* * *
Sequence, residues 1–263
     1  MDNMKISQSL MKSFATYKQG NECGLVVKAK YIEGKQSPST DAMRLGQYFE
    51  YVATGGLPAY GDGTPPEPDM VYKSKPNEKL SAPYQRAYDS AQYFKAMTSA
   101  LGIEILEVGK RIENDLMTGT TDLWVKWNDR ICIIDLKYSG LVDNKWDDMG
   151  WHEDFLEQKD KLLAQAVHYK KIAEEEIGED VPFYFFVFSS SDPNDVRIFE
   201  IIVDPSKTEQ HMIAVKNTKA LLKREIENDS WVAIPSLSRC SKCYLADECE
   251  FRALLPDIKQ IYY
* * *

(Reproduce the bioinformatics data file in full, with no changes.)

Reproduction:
Sequence, residues 1–263
     1  MDNMKISQSL MKSFATYKQG NECGLVVKAK YIEGKQSPST DAMRLGQYFE
    51  YVATGGLPAY GDGTPPEPDM VYKSKPNEKL SAPYQRAYDS AQYFKAMTSA
   101  LGIEILEVGK RIENDLMTGT TDLWVKWNDR ICIIDLKYSG LVDNKWDDMG
   151  WHEDFLEQKD KLLAQAVHYK KIAEEEIGED VPFYFFVFSS SDPNDVRIFE
   201  IIVDPSKTEQ HMIAVKNTKA LLKREIENDS WVAIPSLSRC SKCYLADECE
   251  FRALLPDIKQ IYY